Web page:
Spatializing Politics: Essays on Power and Place (Harvard Design Studies)
Harvard Graduate School of Design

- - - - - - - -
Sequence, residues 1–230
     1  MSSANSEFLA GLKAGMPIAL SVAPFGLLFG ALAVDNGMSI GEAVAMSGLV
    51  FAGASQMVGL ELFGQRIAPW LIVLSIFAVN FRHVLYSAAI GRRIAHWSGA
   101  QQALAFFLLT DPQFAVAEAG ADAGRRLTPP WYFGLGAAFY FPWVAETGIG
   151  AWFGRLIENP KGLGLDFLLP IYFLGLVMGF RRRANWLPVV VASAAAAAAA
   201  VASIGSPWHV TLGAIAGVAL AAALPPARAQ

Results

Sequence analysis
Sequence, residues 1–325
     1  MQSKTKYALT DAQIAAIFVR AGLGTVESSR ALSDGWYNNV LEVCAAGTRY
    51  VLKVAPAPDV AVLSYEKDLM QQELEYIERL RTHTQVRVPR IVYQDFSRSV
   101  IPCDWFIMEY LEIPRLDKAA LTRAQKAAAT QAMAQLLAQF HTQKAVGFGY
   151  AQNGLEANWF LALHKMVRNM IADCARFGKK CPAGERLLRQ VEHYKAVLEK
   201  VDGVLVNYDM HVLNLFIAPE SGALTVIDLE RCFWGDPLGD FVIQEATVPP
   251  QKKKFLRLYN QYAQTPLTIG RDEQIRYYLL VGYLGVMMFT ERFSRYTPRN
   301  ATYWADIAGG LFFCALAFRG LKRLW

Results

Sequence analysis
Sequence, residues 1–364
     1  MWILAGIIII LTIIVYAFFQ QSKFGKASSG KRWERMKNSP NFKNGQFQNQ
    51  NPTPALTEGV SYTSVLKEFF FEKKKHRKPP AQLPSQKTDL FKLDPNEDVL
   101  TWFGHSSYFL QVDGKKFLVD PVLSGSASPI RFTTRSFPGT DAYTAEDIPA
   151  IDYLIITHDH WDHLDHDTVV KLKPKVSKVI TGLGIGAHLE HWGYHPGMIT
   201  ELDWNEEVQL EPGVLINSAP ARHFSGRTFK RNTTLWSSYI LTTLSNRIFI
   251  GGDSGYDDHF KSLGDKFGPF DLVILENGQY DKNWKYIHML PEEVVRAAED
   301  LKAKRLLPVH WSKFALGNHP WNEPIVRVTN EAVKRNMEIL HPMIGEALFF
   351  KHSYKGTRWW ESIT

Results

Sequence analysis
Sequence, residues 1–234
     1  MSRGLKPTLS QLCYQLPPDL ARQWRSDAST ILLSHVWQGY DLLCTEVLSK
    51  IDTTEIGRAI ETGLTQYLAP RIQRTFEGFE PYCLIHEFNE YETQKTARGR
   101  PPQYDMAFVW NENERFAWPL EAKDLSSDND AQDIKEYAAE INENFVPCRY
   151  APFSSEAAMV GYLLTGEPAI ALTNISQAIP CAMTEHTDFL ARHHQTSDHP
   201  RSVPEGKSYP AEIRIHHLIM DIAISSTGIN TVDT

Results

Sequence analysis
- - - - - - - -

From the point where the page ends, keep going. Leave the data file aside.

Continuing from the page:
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Spatializing Politics is an anthology of emerging scholarship that treats built and imagined spaces as critical to knowing political power. In academic and popular discourse, spaces tend to serve as passive containers, symbols, or geographical coordinates for political theories, ideologies, and histories. By contrast, the essays in this collection illustrate how buildings and landscapes as disparate as Rust Belt railway stations and rural Rwandan hills become tools of political action and frameworks for political authority. Each chapter features original research on the spatial production of conflict and consensus, which ranges from exclusion and incarceration to reclamation and reconciliation. By focusing on the architects and spaces of political empowerment, the anthology fills a critical gap in studies of space and politics in anthropology, architectural history, conflict studies, geography, public policy, science/technology studies, and urban planning. These essays also demonstrate the global, historical, and contemporary relevance of thinking spatially for political action. Altogether, this multidisciplinary collection puts forward various spatial epistemologies that conceptualize, concretize, and contest forms of spatial politics.
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